According to Maryland’s criminal law code, assault is defined as the harmful or unwanted touching of another person. Maryland’s second degree assault statute combines the two crimes of assault and battery. The main difference is the actual presence of harm (battery) versus the threat of harm (assault). Someone can only be charged with battery if they have caused real physical harm to another person, while a person can be charged with assault if a threat of imminent harm is present.
If you were to try to punch someone in the face – but your punch is in the air and doesn’t make physical contact – that’s assault. But when the punch lands on someone – that’s a battery.
Have you been charged with assault? Do you need help understanding what to do next?
The Southern Maryland law firm Sasscer, Clagett & Bucher (SCB) is ready to defend your case. Getting representation as soon as possible following an assault charge is the best way to get a positive result at trial. These charges are considered very serious. Only an experienced Maryland criminal defense lawyer can successfully defend your case.
Types of Assault Charges
Different types of assault charges are based on the severity of the incident and include first degree assault, second degree assault, and reckless endangerment. Each type of assault reflects different circumstances and specific penalties.
First Degree Assault
First degree assault is the most severe. Actions that lead to charges for first degree assault in Maryland include:
- attempting to cause serious physical harm to another person
- intentionally causing serious bodily harm to another person
- using a firearm in an assault
In these cases, serious physical harm includes injuries that cause permanent damage or death. First degree assault in Maryland is considered a felony and carries a sentence of up to 25 years in prison.
Second Degree Assault
Second degree assault applies to those assaults that don’t quite meet the requirements of first degree assault. While this offense is considered a misdemeanor, it still carries a sentence of up to 10 years in prison, a fine of up to $2,500, or both.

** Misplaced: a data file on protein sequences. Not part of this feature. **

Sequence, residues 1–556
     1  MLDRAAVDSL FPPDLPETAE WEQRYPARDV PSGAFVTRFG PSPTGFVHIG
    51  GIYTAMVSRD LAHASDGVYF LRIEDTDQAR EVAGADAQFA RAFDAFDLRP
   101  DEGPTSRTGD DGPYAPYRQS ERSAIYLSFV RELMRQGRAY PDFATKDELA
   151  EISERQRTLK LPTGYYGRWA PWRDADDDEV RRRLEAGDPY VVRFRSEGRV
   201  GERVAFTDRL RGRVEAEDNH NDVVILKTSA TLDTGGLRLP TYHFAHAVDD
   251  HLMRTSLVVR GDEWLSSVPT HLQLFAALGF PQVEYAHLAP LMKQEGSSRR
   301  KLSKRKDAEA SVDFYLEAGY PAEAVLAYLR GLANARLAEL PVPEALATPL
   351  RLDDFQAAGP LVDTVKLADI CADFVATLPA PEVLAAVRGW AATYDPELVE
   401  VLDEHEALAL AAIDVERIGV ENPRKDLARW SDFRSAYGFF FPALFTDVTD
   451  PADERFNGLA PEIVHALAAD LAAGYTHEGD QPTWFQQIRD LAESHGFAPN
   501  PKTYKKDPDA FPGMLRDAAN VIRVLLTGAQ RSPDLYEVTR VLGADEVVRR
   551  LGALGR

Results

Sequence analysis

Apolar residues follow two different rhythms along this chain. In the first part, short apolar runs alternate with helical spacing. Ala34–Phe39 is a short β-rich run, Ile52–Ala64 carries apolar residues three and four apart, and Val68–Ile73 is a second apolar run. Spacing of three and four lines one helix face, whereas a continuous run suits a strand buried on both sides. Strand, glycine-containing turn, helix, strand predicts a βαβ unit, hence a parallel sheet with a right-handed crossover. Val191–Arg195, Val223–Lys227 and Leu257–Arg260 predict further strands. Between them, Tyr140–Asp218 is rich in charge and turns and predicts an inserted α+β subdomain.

The punishment for second degree assault changes if the victim is an on duty law enforcement or probation officer.ant should have been aware of the risk to human life but wasn’t actually aware of the risk.
In Maryland, reckless endangerment is defined as placing another individual at risk of serious physical injury or death, or discharging a firearm from a motor vehicle.
Reckless endangerment does not consider intent. You can be charged even if you never intended to hurt the victim because you did nothing to prevent the individual from being harmed.
Reckless endangerment is a misdemeanor and carries a sentence of up to five years in prison, a fine up to $5,000, or both.
Contact A Maryland Criminal Defense Lawyer.
Whether you are convicted and whether or how much time you actually spend in jail may depend on how good your lawyer is. If you or a loved one has been charged with assault in the state of Maryland, it is imperative that you contact a Maryland criminal defense lawyer immediately. An attorney can help you make important decisions that may impact you and your loved ones for the rest of your life. If you do not have an attorney advising you about what to say, who you have to answer to, and what you should do, you run the risk of answering a question in a way that could incriminate yourself.
If you would like to speak with a member of the firm, or have any question about our practice, please contact our offices to arrange a consultation. Call 301-627-5500.